Report: Trump offered to nix EV incentives for $1B donation from Big Oil

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At a meeting with top oil executives at his Mar-a-Lago club last month, Donald Trump offered to reverse Biden administration environmental policies in exchange for a $1 billion donation to his presidential re-election campaign, the Washington Post reports.

The donation would be a “deal,” Trump said, because of the taxation and regulation oil companies would avoid because of him, according to the report, which cited people with knowledge of the conversation who spoke on the condition of anonymity.

Under this quid pro quo, Trump reportedly said he would scrap stricter EPA emissions rules anticipated to drive up sales of electric cars—something he is quite critical of—through the beginning of the next decade (while stopping short of an EV mandate) as well as end the Biden administration’s freeze on permits for new liquefied natural gas (LNG) exports and auction off more leases for oil drilling in the Gulf of Mexico.

Oil field (Image: Flickr user johnny choura, used under CC license)

Oil field (Image: Flickr user johnny choura, used under CC license)

Under Biden, the U.S. is now producing more oil than any country ever has, at nearly 13 million barrels per day last year, the report noted. ExxonMobil and Chevron—the two largest U.S. energy companies—also reported their biggest profits in a decade last year. But the oil industry has still complained about Biden policies—particularly the new EPA emissions rules.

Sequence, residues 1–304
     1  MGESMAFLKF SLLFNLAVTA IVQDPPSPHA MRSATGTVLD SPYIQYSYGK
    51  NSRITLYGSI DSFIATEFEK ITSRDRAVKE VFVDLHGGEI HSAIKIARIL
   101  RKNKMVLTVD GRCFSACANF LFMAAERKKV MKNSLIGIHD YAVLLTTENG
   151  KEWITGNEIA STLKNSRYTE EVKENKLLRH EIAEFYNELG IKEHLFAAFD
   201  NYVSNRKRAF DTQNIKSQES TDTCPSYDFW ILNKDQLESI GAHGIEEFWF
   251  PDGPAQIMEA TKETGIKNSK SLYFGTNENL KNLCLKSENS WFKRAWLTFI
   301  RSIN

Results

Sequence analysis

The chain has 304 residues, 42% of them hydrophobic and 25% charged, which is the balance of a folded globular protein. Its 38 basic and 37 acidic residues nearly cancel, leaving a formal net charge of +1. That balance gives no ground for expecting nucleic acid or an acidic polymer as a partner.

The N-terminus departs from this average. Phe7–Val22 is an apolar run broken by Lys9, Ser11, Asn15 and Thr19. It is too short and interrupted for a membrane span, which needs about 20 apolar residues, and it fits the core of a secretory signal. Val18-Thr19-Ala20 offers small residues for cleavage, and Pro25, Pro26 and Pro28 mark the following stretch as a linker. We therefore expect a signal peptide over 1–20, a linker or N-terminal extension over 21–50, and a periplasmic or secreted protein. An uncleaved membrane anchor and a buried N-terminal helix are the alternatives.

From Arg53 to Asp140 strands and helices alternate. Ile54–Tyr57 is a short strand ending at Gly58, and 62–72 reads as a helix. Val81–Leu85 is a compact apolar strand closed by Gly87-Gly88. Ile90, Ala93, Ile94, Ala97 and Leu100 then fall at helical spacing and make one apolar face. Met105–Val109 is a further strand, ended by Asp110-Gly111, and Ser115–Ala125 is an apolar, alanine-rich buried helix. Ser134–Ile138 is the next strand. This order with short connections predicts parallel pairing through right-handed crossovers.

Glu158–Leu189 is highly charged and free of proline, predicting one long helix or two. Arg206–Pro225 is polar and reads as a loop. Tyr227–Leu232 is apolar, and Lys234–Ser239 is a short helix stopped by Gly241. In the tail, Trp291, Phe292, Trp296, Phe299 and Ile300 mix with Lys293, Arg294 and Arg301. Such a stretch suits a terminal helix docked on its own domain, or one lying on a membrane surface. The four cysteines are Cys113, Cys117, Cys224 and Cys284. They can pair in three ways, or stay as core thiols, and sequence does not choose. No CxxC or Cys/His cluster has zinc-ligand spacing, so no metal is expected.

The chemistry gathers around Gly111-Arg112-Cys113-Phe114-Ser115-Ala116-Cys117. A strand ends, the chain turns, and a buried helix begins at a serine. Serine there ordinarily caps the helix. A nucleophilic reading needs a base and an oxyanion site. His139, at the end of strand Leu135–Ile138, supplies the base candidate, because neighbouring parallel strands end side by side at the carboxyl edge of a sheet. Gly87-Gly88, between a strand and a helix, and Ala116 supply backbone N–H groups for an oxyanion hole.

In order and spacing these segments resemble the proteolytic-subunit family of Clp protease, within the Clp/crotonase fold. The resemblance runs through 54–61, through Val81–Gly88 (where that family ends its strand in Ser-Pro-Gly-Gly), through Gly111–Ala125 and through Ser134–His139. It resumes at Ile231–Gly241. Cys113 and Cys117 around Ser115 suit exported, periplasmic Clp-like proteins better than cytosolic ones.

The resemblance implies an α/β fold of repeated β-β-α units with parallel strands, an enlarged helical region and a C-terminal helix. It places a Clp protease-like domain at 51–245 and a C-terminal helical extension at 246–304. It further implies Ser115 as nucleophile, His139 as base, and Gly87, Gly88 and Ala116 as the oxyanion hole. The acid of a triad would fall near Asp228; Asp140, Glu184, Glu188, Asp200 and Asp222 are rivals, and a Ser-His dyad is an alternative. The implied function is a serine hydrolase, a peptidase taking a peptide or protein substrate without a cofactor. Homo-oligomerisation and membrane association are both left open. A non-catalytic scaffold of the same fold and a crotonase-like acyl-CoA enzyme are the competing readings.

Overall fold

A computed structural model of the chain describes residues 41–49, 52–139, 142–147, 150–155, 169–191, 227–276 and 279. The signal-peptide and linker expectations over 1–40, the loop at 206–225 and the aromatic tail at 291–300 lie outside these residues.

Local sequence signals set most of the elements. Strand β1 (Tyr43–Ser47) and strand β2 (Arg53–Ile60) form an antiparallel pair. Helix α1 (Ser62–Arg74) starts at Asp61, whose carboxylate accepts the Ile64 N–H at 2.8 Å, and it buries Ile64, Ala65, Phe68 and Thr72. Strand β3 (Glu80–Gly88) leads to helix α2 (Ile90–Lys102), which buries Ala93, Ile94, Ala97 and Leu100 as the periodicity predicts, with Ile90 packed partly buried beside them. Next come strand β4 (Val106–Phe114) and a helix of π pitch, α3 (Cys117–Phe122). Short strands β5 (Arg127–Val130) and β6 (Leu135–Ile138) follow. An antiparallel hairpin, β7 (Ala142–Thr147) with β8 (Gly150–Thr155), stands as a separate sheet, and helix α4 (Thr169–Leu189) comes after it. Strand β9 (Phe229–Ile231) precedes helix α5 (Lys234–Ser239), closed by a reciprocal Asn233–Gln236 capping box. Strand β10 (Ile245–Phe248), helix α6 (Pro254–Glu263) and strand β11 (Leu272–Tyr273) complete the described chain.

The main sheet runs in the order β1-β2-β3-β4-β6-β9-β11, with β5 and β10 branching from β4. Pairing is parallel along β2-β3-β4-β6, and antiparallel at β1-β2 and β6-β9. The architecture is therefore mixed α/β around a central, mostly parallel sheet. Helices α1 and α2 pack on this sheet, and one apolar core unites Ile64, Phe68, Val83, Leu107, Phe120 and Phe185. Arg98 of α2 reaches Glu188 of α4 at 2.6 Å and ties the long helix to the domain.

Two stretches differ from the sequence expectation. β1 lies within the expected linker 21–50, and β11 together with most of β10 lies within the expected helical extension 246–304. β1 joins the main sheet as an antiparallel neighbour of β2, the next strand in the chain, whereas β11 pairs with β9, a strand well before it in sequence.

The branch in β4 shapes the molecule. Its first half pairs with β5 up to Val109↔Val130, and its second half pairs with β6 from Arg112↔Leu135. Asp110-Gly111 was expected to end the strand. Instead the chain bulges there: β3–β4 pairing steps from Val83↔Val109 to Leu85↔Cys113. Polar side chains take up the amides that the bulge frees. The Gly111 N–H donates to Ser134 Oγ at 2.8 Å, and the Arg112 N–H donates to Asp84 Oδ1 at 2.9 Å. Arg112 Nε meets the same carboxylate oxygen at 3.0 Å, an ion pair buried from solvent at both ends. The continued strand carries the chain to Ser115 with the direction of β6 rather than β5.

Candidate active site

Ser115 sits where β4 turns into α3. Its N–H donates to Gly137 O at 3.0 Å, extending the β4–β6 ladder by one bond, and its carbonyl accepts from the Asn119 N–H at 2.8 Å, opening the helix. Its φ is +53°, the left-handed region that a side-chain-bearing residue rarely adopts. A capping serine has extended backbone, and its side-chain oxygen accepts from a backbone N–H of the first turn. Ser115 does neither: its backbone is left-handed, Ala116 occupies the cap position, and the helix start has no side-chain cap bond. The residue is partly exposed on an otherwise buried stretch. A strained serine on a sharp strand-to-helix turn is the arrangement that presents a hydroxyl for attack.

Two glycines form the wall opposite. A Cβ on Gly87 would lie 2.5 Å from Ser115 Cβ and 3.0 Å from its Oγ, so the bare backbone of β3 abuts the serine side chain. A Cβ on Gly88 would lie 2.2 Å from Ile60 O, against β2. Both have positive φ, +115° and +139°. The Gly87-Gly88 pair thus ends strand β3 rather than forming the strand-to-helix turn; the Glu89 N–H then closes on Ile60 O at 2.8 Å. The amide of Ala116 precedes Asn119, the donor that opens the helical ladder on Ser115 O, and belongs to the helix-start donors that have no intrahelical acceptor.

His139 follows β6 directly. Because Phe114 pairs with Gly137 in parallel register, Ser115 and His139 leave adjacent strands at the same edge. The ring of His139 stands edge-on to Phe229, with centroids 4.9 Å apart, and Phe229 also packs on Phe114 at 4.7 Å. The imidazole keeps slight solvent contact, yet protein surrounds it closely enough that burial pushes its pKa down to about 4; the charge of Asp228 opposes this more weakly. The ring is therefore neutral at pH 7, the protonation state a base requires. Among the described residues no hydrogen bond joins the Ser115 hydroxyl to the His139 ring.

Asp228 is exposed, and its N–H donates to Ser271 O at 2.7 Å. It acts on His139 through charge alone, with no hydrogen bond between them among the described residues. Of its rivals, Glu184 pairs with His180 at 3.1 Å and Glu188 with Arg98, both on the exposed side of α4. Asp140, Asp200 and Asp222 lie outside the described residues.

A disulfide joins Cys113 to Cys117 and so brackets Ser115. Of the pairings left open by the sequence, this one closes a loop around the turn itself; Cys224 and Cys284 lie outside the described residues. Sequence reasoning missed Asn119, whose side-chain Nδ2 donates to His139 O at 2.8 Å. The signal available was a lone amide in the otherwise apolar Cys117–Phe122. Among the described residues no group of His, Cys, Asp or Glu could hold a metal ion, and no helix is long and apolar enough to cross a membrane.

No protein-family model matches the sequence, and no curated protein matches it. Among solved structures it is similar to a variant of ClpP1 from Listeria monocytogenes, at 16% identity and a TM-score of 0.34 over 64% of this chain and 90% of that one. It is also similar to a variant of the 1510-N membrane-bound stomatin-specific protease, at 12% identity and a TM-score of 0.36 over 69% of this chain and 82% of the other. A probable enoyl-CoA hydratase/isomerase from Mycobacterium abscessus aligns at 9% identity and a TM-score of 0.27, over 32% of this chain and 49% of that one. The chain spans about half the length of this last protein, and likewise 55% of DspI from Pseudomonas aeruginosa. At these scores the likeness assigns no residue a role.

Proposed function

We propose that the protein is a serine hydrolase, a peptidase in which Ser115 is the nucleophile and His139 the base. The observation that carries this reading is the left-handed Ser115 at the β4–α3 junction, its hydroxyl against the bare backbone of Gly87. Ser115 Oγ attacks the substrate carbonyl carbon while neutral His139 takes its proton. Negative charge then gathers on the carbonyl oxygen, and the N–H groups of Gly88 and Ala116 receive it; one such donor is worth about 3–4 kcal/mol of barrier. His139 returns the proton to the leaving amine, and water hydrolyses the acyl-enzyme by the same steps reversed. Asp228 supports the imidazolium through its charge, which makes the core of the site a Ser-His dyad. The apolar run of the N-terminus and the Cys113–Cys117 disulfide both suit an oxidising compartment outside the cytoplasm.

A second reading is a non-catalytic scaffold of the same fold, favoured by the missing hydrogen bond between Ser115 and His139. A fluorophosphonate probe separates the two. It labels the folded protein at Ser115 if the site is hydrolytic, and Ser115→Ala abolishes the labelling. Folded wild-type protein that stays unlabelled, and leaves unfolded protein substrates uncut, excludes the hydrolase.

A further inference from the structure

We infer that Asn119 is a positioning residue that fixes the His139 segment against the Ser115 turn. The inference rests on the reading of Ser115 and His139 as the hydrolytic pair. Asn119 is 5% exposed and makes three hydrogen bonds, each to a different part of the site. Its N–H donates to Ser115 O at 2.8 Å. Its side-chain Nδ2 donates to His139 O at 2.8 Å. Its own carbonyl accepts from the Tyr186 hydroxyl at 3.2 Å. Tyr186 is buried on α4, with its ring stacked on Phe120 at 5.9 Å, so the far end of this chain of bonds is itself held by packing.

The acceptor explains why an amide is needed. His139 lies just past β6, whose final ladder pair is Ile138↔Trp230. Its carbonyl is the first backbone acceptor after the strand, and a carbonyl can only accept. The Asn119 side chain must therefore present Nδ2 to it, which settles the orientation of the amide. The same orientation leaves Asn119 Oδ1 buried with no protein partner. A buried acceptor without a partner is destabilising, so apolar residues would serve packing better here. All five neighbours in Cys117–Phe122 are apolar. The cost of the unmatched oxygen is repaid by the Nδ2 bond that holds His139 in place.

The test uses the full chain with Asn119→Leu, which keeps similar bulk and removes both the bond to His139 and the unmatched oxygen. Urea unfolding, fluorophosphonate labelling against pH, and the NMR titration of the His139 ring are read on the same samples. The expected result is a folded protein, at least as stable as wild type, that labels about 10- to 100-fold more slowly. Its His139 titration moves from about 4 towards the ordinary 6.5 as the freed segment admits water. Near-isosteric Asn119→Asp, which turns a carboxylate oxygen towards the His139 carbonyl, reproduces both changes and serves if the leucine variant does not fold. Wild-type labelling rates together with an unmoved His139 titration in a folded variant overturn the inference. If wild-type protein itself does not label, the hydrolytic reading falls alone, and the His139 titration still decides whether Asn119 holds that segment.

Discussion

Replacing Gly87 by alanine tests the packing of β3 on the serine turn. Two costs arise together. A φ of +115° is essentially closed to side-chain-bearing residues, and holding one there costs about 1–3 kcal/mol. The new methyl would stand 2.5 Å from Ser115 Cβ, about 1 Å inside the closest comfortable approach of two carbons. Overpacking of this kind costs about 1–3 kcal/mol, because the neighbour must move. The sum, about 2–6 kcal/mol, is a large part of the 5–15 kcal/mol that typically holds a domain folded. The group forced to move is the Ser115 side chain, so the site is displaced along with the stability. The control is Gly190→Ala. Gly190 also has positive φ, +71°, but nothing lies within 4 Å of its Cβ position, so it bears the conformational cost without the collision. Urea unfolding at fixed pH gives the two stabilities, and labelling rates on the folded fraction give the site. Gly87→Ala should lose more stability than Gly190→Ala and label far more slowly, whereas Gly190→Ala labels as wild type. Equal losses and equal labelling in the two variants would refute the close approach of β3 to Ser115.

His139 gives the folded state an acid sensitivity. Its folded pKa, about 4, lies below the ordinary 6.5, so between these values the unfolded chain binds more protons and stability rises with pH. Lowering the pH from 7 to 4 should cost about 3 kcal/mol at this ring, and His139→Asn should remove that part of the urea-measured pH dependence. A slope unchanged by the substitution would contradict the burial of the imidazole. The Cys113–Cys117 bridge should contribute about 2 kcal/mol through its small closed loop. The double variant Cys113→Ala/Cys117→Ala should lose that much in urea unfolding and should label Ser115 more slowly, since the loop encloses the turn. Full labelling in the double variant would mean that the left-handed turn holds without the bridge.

Yet oil companies have been hesitant to fund Trump’s campaign, according to the report. Oil interests contributed more than $6.4 million to Trump’s joint fundraising committee in the first three months of this year, according to an analysis by the advocacy group Climate Power. In contrast, one oil executive reportedly said in the Mar-a-Lago meeting that the industry has spent $400 million on lobbying the Biden administration this year.

It’s worth remembering that these companies diversified their investments, becoming “energy companies” rather than oil companies, and gasoline is seen as a legacy business—nevertheless one that will be important for a long time. So it’s not surprising that they didn’t immediately get on board with Trump’s offer.

BP to purchase Tesla chargers

BP to purchase Tesla chargers

Were oil executives to take the former president up on said offer, they would be reasonably assured that he’d follow through. During the last Trump presidency, his agencies attempted to revoke California’s emissions authority—and failed—and delayed the imposition of higher fines for automakers that failed to meet emissions targets.

If re-elected, elimination of stricter emissions rules and EV-friendly policies might not be the only way Trump disrupts the auto industry. He’s announced that he will seek a 100% tariff on Chinese vehicles—even if they’re made in Mexico—with some indications he may try to go further in dismantling what’s left of NAFTA, which allows Mexico-built vehicles from other global automakers at no tariff and eligible for some federal incentives. 


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